Sunday, September 30, 2007

Arcade Fire=Greatest Live Act Ever

If you've been reading this blog, then you know that I attended the Arcade Fire show this past Friday in KC. I could give a rundown of the songs they played (including a Magnetic Fields cover) and include pictures of the bands on stage, but I won't do that. (See these guys for that kind of review.) Instead, I'd like to make a case for Arcade Fire being the greatest live act ever.

I heard from so many Columbians how amazingly memorable Arcade Fire's show at Mojo's was a few year ago, but that's not nearly as impressive as what the band did Friday night. Any band can create a lot of energy in a small club. The club is packed. People are on top of each other and the band is mere inches away. The audience can feel the music reverberating through the cramped space. Everyone is dancing by virtue of being smashed up against someone else who is dancing. The real challenge is to translate that energy to a large venue, especially one that's outside.

Normally, when rock bands make the transition to larger venues, something is lost in their live performances. A band like the Police were misplaced on stage when they moved on to stadium concerts. A three-piece band all spread out on a gigantic stage, sometimes larger than the clubs from which they created buzz, swallow the energy from that band like a black hole. Other bands try to fill that space with session players, but there's something impersonal about that. Then, there's situations like the Rolling Stones. They have just become a Vegas show that is completely devoid of any of the rebellion or subversion that made them so important in the first place.

Arcade Fire is able to overcome those shortcomings of playing the big, outdoor venues. First of all, they fill the stage. When you have ten competent and intense musicians playing their hearts out, you have no problem filling any stage. Besides the number of band members (and front man Win Butler's imposing height), Arcade Fire songs are anthems made for stadiums and arenas. The performance was also enhanced by the ingenious stage design of circular video monitors, risers, and silent film-like footage of the band projected onto a curtain behind at the back of the stage.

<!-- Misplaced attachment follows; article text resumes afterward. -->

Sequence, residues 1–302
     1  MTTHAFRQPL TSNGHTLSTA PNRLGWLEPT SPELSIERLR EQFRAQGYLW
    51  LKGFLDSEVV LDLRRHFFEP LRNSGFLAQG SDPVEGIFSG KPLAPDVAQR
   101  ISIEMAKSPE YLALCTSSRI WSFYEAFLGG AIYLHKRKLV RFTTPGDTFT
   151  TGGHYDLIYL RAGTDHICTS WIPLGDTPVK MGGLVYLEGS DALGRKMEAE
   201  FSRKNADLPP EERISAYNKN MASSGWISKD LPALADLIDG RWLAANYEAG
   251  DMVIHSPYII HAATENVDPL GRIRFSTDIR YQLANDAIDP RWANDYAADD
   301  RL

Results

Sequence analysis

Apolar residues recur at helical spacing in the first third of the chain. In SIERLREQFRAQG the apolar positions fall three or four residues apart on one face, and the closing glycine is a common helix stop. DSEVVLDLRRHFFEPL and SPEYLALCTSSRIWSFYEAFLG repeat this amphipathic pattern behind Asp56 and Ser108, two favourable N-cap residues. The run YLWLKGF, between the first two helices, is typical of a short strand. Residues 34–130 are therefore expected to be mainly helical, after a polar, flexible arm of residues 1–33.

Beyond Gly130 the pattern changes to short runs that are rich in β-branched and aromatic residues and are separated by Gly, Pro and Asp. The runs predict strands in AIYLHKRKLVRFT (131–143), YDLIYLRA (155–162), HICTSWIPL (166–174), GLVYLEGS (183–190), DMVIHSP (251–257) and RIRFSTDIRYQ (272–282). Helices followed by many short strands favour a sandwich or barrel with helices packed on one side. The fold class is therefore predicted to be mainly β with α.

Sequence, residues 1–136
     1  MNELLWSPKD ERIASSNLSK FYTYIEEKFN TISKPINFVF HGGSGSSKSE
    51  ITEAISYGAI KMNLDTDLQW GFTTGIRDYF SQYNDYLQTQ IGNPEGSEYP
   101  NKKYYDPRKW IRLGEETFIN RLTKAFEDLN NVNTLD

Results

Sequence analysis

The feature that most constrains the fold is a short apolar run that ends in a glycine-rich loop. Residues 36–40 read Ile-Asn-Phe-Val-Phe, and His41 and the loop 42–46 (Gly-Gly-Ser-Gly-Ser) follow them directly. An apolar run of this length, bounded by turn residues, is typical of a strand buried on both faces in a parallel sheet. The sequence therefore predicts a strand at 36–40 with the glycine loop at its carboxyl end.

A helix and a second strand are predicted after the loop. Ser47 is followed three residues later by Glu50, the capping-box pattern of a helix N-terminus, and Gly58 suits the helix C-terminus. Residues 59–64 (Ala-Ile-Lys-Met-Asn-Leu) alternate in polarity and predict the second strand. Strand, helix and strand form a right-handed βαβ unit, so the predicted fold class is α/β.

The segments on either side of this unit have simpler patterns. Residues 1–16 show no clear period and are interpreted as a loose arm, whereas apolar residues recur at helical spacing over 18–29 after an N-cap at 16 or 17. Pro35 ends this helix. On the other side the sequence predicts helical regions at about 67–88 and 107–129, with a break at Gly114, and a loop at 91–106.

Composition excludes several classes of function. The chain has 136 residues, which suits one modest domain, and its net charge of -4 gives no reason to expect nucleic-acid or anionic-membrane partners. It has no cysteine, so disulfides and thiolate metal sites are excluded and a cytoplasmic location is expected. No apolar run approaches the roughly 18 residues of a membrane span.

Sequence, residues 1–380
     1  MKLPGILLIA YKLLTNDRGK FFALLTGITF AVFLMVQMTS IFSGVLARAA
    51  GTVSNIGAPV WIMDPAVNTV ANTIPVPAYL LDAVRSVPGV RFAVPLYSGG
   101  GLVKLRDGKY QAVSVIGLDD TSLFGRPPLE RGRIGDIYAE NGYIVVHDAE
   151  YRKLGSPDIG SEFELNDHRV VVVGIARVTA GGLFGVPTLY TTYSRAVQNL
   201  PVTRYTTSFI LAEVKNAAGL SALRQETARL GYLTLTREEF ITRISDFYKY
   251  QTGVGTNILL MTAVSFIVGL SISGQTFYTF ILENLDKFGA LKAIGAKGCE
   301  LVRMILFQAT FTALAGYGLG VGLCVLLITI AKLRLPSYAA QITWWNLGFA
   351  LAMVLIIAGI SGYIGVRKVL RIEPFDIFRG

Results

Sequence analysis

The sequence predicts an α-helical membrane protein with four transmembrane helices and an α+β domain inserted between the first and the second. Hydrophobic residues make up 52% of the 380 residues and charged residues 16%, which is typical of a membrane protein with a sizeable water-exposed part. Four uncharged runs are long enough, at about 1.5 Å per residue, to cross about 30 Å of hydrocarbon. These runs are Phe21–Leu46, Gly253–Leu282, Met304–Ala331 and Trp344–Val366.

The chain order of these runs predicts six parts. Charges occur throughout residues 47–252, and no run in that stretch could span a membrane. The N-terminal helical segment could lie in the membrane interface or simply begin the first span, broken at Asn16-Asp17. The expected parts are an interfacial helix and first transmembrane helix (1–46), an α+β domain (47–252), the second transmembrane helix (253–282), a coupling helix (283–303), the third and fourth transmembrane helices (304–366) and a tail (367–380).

There are no session players in Arcade Fire. There are married couples, siblings, and long-time friends. The familial themes run throughout their songs and come through when you watch the band effortlessly switch instrumental and vocal duties.The band was tight and in-synch all night long.

While the band does put on a spectacular stage show, they haven't lost any of the fire, so to speak, that other acts seem to be missing once they move to the big stage. I've never seen a show in such a large venue that energized a crowd the way Arcade Fire did at the Starlight. Sure, there were audience members too drunk to demonstrate genuine euphoria or the green concert-goers that were just excited to be there, but the energy at Friday's show was obvious.

This energy was emanating directly from the band. Various members destroyed percussion instruments while falling into the crowd. Win Butler played every song as if his life depended on it. His partner, Regine Chassagne, frequently lost control of her voice that only intensified the urgency of the songs. It's rare for a cynical indie snob like myself to be so moved by a live performance, but Arcade Fire met my expectations for an incredibly energetic show.

I'm not saying this was the greatest show I've ever seen, but it demonstrated Arcade Fire's unique ability to crossover from Pitchfork darlings to mega-concert gods. No matter how good the songwriting, musicianship, or stage presence, the immediacy and artistry of great music is lost in gargantuan music venues like the Starlight. Arcade Fire surmount this barrier between indie bands and mainstream success through the elements that make their band so important.

To those who chose not to see Arcade Fire Friday simply because you didn't want to tarnish the small club experience at Mojo's a few years back, you missed greatness. You missed a performance that proves Arcade Fire's greatness. You missed Arcade Fire.


jason said...

me = so jealous :)

KR said...

Yeah, Jason. You took the words right out of my mouth... I have yet to see Arcade Fire live! I am SO green with envy. I wish I could have gone to such an amazing(ly well-described) show as this one.